Reigate High Street
|Council:||Reigate and Banstead|
Reigate is a historic market town in Surrey at the foot of the North Downs, and in the London commuter belt. It forms a continuous urban area with the adjacent town of Redhill. It is within the Reigate Hundred, to which it has lent its name.
Some of the hills in the Downs hereabouts are amongst the highest in the county, though dwarfed by far-off Leith Hill, there are impressive hills at Colley Hill a mile north of the town (756 feet) and Reigate Hill 2½ miles east of that Colley Hill (723 feet).
Reigate town centre has a good range of shops, bars, and restaurants. Most of the shops are smaller independently owned boutiques. Due to the wealth of the area many designer labels can be picked out from the charity shops. Although there are two supermarkets in Reigate, the town still manages to keep hold of a village feel.
The most popular park in Reigate is the Priory Park, which is located behind the High Street, adjacent to Bell Street. It has a massive enclosed area for smaller children as well as football fields, tennis courts, a skatepark, a huge wooded area and a serene lake with an abundance of wildlife.
- Church of England:
- St Mary's], the Parish Church
- St Cross on Reigate Hill (a chapel of ease)
- Baptist: Reigate Baptist Church
- Independent Evangelical:
- Sandcross Church
- Reigate and Redhill Community Church
- Methodist: Reigate Methodist Church
- United Reformed Church: Reigate Park URC
Name of the town
Reigate appears in Domesday Book in 1086 as Cherchefelle.
The origin of the name "Reigate" is uncertain, but appears to derive from he Old English Ra geat: Roe-deer Gate, perhaps because the town stood near to the entrance to the de Warenne's deer park
There are neolithic flint mines on the ridge of the North Downs above Reigate. The Bronze Age barrows on Reigate Heath indicate there was ancient settlement in the area. A Bronze Age spearhead was recovered on Park Hill in Reigate Priory Park. A Roman tile kiln dated to around 92 AD was recovered from the grounds of Rosehill in Doods Way in 2004. Tiles on the Rosehill site were first discovered in the 1880s which would have been used for buildings of high status in the area. The Rosehill find is also the oldest recorded use of Reigate Stone (Upper Greensand) for "ashlar masonry work".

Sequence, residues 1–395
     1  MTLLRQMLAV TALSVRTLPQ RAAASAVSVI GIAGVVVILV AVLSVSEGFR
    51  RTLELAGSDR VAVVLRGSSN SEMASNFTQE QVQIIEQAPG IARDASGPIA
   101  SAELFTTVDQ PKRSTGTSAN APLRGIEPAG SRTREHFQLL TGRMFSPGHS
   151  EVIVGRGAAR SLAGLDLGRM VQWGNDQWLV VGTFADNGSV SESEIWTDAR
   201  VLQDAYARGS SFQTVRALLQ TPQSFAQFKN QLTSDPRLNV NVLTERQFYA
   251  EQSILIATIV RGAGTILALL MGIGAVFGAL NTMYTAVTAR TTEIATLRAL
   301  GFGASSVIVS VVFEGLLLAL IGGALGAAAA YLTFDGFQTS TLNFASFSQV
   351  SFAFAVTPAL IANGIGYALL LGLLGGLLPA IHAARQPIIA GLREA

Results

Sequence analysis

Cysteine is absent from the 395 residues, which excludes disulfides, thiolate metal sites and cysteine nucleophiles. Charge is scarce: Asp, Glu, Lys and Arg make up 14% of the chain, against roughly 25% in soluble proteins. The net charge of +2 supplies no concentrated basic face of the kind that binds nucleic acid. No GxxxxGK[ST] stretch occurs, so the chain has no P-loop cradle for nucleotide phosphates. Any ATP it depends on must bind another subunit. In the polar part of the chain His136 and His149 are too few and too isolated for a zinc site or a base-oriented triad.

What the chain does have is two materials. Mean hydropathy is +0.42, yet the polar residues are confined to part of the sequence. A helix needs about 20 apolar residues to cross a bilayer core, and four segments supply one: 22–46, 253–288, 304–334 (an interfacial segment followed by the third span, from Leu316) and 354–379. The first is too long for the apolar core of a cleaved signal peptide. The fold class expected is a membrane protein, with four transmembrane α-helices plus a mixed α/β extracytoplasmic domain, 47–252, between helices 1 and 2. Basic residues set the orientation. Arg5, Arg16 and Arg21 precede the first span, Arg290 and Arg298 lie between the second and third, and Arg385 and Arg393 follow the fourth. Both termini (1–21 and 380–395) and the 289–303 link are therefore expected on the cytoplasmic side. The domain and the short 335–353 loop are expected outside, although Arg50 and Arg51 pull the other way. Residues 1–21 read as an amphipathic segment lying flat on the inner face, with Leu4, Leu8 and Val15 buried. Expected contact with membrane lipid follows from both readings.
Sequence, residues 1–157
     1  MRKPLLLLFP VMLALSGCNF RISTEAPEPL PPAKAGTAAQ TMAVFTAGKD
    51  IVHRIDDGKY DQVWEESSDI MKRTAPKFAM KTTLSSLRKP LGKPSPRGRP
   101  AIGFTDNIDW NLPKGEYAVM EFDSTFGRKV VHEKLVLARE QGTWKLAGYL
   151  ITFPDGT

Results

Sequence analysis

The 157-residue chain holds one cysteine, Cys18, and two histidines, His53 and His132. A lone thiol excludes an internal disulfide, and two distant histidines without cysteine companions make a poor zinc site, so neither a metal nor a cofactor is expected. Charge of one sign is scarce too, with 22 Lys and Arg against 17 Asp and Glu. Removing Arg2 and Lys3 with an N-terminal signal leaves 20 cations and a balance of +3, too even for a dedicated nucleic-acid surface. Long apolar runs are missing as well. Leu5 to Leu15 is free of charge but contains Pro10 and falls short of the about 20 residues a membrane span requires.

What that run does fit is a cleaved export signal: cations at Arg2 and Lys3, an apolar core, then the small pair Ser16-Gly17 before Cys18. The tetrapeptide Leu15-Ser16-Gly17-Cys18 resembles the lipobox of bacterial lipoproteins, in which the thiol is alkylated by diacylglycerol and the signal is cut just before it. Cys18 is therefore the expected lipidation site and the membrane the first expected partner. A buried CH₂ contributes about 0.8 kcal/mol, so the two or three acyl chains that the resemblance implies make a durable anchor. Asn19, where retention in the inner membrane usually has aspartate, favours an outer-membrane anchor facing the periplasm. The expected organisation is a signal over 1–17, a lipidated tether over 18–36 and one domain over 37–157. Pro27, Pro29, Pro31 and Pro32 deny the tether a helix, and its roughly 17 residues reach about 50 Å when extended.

Reigate appears in Domesday Book in 1086 as Cherchefelle. It was held by William the Conqueror as successor to King Edward's widow, Queen Edith. Its Domesday assets were: 34 hides. It had 2 mills worth 11s 10s, 29 ploughs, 12 acres of meadow, pannage and herbage worth 183 hogs. It rendered £40.
The early town stood at least in part in what is now the Church Street area of Reigate, close to the church. Part of the site was excavated in the 1990s. It was shown that the settlement moved during the earlier part of the 12th century when the present new town was formed. King William I granted the land around Reigate to one of his supporters, William de Warenne, who was created Earl of Surrey in 1088. It is believed that his son, William de Warenne, 2nd Earl of Surrey, ordered that Reigate Castle be built. The de Warennes had become wealthy through grants from the Conqueror: their southern base was in Lewes, Sussex and they had castles in Yorkshire and in Normandy. Around 1150 the Earl de Warenne set out a new town below the castle. This town forms the basis of modern-day Reigate.